In process

Bibliography -?-
?

Pfannstiel, "catalogue presume" Modigliani. L'Art et la Vie. Preface de Louis Latourrettes, Seheur, Paris, 1929, p. 49
Scheiwiller, Arte Moderna Italiana nº 8 Amedeo Modigliani, U. Hoepli Ed. Milan, 1950, pl. 29
Descargues, Amedeo Modigliani. Braun, Paris, 1951, pl. 31
Descargues, Amedeo Modigliani, Braun, Paris, 1954, pl. 31
Pfannstiel, Modigliani et son oeuvre, etude critique et catalogue raisonne, bibliotheque des arts, Paris, 1956 - nº 299 - title young girl (Jeanne Hébuterne) 1918 duplicated with nº 252 as young girl

NOTE:
Pfannstiel who was a close collaborator, friend and purveyor of the Nazi looting forces mixed the provenance of this work in his catalogue duplicating the work with
nº 299 and nº 252 and to complete the mess used the provenance of nº 339 Hanka portrait to make it harder to trace.
(does this means I say it's a war crime provenance, NO IDEA, that should be reviewed with more investigations)

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Salmon, La vie passionnée de Modigliani, Vervier, Paris, 1957, p. 192
Salmon, Modigliani a memoir, Putnam's sons, New York, 1957
Roy , Modigliani, Skira, Lausanne, 1958, p. 88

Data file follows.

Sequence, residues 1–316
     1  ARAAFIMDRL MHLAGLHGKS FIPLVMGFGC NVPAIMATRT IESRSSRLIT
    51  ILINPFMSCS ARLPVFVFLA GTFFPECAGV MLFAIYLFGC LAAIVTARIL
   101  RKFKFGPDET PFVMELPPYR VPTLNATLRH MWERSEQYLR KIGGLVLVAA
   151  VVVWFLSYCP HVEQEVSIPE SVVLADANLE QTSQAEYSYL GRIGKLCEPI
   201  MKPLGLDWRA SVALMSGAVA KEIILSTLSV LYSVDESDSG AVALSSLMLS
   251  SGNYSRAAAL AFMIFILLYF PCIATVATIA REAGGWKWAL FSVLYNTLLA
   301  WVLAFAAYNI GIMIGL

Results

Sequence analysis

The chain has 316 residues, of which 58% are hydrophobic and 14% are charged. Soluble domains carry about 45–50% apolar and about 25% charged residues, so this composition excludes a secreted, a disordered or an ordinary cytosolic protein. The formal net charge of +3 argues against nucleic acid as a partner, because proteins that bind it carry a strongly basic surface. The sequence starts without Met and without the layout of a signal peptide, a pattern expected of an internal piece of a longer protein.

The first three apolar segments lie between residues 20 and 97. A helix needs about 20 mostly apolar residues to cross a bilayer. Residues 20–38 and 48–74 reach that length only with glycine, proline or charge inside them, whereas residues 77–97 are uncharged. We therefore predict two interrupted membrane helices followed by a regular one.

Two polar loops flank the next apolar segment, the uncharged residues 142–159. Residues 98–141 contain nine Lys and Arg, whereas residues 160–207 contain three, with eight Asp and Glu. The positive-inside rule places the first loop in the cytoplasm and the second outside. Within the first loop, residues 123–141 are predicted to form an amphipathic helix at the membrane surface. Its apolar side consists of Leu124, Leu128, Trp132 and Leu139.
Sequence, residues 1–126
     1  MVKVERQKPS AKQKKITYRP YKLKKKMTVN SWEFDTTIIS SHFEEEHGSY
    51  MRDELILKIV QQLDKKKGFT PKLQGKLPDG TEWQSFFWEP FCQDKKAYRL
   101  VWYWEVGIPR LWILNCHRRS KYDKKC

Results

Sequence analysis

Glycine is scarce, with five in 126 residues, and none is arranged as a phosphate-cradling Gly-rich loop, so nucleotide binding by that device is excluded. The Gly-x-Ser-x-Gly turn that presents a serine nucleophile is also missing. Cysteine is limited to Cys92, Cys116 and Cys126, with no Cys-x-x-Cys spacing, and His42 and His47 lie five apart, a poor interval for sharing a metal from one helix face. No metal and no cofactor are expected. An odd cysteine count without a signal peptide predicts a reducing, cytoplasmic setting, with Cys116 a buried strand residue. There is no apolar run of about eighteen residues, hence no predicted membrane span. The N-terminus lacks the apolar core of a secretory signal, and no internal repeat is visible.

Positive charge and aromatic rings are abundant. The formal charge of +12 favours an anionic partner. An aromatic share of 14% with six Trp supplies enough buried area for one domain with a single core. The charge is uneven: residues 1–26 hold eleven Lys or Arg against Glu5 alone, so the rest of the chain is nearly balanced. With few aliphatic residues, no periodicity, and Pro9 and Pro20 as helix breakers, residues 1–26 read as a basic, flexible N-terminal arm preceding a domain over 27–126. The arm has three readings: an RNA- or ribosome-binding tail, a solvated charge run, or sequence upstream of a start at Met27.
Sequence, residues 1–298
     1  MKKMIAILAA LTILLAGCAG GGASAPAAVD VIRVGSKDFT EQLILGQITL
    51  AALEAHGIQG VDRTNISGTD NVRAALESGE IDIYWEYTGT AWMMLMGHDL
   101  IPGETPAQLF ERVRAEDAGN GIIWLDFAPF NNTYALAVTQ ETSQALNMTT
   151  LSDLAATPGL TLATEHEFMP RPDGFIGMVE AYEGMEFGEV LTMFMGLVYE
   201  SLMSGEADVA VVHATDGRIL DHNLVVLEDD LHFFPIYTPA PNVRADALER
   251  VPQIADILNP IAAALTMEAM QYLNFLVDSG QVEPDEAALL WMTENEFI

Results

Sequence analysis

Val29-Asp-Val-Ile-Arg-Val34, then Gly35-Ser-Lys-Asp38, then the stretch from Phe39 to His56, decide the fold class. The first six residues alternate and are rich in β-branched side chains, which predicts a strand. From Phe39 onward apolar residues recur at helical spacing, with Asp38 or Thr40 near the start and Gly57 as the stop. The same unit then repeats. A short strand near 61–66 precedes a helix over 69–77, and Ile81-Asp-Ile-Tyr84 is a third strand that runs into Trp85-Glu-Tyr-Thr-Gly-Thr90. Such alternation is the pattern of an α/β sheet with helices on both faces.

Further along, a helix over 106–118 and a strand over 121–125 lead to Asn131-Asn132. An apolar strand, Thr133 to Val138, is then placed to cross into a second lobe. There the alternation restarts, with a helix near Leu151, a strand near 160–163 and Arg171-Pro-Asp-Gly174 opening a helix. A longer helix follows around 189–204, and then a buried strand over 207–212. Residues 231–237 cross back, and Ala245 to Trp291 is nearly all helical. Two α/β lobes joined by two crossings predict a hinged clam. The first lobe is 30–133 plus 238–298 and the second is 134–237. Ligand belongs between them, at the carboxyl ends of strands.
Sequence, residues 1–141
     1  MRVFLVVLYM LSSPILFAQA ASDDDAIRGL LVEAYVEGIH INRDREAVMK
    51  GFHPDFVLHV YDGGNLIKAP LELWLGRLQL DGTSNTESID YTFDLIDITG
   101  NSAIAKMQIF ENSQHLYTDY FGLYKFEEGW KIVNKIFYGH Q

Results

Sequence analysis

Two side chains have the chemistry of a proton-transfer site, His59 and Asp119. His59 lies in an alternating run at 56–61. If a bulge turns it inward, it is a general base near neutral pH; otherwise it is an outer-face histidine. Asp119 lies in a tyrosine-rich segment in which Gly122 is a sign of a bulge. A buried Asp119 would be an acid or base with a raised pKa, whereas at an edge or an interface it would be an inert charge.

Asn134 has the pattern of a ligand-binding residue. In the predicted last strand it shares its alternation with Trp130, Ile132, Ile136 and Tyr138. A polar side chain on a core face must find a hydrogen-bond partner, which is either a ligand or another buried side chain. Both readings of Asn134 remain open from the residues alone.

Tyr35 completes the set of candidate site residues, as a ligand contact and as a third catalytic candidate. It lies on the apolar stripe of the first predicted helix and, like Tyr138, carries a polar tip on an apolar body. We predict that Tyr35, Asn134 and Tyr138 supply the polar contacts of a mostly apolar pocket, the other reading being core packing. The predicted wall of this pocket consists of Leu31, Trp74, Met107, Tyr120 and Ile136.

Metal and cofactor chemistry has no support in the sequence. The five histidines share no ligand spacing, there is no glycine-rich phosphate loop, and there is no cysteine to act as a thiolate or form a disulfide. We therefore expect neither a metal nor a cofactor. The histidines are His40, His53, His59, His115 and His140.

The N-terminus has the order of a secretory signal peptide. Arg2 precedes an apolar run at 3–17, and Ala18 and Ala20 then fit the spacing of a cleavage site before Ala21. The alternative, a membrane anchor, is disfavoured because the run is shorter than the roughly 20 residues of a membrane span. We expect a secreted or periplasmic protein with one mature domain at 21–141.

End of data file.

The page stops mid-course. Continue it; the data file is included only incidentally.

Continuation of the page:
Ceroni, Amedeo Modigliani: Peintre; Suivi des Souvenirs de Lunia Czechowska, Edizioni del Milione, 1958 - nº 87
Russoli, Amedeo Modigliani, Exhib. catalogue Palazzo Reale, Edizioni dell'ente manifestazioni Milanesi, Milano, 1958, pl. 41
Modigliani J. , Modigliani: Man and Myth, Orion Press, New York, 1958 - nº 47
Modigliani J. , Modigliani senza leggenda, Vallecchi Editore, Firenze, 1958
Modigliani J. , Modigliani sans légende, Gruend, Paris, 1961
Gindertael, Shop libre diffusion, 1967, p. 52, pl. 26
Geza, Modigliani, Budapest, Corvina Kiadó, 1969 - nº 41
Diehl, Modigliani, Ed. Flamarion, Paris, 1969
Ponente, Modigliani, Ed. Toray, Barcelona, 1969 - nº 54
Lanthemann, Modigliani, catalogue raisonné: sa vie, son oeuvre, son art, G. Condal, Barcelona, 1970 - nº 332 - title Jeanne Hébuterne or la Zborowska - dated 1918
Ceroni & Piccioni, Il dipinti di Modigliani, Rizzoli, Milano, 1970 - nº 238 - dated 1918 - nº 223 - title Jeanne Hébuterne looking front - dated 1918